The DC-7B, with a portion of its left wing sheared off, remained airborne for a few minutes then rolled to the left and began an uncontrollable, spiraling, high-velocity dive earthward. In doing so, it began raining debris onto the Pacoima neighborhoods below as the aircraft began to break apart. Seconds later, part of the hurtling wreckage slammed onto the grounds of the Pacoima Congregational Church, killing all four Douglas crewmen aboard while the major portion fell onto the adjacent playground of Pacoima Junior High School. On the school playground, where some 220 boys were just ending their outdoor athletics activities, upon impact the wreckage broke into numerous pieces and intense fires began due to the airplanes fuel and oil. Distinct craters were made in the playground by each of the four engines and the main center fuselage section. Two students, Ronnie Brann, 13, and Robert Zallan, 12, were struck and killed by this wreckage and debris. A third gravely injured student, Evan Elsner, 12, died two days later in a local hospital. An estimated 75 more students on the school playground suffered injuries ranging from critical to minor.[7]

The collision was blamed on pilot error and the failure of both aircraft crews to exercise proper “see and avoid” procedures regarding other aircraft while operating under visual flight rules (VFR). The crash also prompted the Civil Aeronautics Board (CAB) to set restrictions on all aircraft test flights, both military and civilian, requiring that they be made over open water or specifically approved sparsely populated areas.[8]

Pacoima Junior High School changed its name to Pacoima Middle School in 1992.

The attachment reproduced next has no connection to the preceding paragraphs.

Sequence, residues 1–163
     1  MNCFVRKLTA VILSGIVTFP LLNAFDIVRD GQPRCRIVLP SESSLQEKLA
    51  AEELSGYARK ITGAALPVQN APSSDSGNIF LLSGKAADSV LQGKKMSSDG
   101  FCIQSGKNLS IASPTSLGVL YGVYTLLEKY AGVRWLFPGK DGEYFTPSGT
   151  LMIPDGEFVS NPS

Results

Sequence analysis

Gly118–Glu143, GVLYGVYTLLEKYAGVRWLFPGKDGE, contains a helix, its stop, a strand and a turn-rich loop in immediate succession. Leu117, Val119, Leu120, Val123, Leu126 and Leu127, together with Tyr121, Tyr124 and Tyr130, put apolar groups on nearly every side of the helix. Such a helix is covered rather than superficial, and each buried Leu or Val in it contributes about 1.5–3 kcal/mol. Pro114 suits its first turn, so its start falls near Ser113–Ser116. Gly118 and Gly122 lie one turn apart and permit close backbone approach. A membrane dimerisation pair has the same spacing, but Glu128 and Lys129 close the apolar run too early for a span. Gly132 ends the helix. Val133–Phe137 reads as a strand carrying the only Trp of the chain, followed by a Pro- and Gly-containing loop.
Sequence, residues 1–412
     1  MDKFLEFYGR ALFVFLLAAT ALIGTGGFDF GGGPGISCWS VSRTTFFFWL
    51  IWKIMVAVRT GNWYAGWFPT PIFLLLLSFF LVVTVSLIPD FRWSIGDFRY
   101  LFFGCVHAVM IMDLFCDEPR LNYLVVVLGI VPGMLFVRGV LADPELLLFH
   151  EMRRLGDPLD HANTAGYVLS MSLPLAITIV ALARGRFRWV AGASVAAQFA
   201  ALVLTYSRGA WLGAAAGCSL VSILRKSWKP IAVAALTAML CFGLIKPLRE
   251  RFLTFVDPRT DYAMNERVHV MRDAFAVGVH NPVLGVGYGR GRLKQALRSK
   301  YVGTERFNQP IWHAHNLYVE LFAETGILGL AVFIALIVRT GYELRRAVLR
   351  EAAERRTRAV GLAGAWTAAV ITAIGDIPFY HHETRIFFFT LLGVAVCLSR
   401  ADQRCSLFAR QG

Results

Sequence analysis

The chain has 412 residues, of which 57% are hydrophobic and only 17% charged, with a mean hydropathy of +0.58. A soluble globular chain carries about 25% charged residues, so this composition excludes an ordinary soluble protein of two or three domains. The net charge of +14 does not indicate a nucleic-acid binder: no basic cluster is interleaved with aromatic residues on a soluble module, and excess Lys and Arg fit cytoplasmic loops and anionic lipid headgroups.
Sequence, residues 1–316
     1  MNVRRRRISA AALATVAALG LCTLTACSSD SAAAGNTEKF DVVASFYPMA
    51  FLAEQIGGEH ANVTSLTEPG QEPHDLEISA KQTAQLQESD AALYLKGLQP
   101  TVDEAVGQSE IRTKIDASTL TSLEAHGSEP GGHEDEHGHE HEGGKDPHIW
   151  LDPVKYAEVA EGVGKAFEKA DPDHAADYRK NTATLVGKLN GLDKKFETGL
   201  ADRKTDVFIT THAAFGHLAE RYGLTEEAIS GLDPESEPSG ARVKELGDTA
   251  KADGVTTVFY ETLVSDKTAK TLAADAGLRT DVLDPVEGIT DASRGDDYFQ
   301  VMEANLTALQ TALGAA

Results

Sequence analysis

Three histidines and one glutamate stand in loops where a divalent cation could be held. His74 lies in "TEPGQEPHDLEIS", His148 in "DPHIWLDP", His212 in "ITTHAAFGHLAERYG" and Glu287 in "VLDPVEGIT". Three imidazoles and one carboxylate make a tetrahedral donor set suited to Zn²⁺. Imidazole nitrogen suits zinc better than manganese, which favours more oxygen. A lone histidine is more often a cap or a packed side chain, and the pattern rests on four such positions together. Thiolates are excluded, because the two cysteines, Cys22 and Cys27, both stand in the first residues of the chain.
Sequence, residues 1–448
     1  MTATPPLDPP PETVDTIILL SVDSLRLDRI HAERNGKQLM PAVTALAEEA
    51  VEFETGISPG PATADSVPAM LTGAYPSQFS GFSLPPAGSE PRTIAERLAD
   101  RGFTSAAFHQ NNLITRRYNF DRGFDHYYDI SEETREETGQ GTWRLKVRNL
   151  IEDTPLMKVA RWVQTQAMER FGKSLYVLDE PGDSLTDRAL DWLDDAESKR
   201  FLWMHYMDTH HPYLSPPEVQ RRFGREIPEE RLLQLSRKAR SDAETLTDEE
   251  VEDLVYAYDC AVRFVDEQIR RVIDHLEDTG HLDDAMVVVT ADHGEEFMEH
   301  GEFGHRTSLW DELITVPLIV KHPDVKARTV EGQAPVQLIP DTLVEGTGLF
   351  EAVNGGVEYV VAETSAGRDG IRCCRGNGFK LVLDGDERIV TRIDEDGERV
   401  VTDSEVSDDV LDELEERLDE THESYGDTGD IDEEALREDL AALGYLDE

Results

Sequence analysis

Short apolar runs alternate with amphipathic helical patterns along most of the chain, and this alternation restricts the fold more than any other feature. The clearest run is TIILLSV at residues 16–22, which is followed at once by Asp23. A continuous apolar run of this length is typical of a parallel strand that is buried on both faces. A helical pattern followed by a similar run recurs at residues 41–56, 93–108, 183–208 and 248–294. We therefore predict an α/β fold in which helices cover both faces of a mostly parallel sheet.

Popular culture[edit]

The Pacoima crash is referenced in 1987 film La Bamba, a biographical account of the life of rock and roll singer Ritchie Valens. A 15-year-old student at Pacoima Junior High School at the time of the disaster, Valens was not at school that day because he was attending the funeral of his grandfather. Due to the disaster, Valens developed a fear of flying that he overcame after he launched his music career. Valens, along with fellow musicians Buddy Holly and The Big Bopper, and pilot Roger Peterson, perished two years after the Pacoima crash when their chartered Beechcraft Bonanza crashed near Mason City, Iowa in the early morning hours of February 3, 1959.

The May 19, 1957 episode of The CBS Radio Workshop ("The Theater of the Mind") was a discussion of this crash, including interviews with people who were witnesses and/or affected by the crash, including Ronnie Brann's mother and a close friend. The episode title is "Heaven Is In The Sky." The program describes when and how both planes were taking off from their various airstrips, plus, with discussion about how the Pacoima Junior High School was having the 7th Grade students outside for exercise.

References[edit]

  1. ^ Hill, Gladwyn. "7 Die as Planes Collide and One Falls in Schoolyard; PLANES COLLIDE, SCHOOL YARD HIT Roar Alerts Students 'Everything on Fire' Witness Describes Crash." The New York Times. Friday February 1, 1957. Page 1. Retrieved on February 3, 2010. "Wreckage of airliner falls into school yard at Pacoima, Calif."
  2. ^ "31-JAN-1957 Douglas DC-7B N8210H." Aviation Safety Network. Retrieved on February 3, 2010.
  3. ^ "7 KILLER, 74 HURT IN SCHOOL AIR CRASH." [sic] Los Angeles Times. February 1, 1957. Start page 1. 5 pages. Retrieved on February 3, 2010.
  4. ^ "Pacoima Boy Dies, 8th Air Crash Victim." Los Angeles Times. February 3, 1957. Start page: 1. 4 pages. Retrieved on February 3, 2010.
  5. ^ C.A.B. DOCKET # SA-323, FILE #2-0020, DATE ADOPTED 11/22/1957, p.5
  6. ^ C.A.B. DOCKET # SA-323, FILE #2-0020, DATE ADOPTED 11/22/1957, p.1
  7. ^ http://www.joangushin.net/crashpictures.html
  8. ^ C.A.B. DOCKET # SA-323, FILE #2-0020, DATE ADOPTED 11/22/1957, p.16

External links[edit]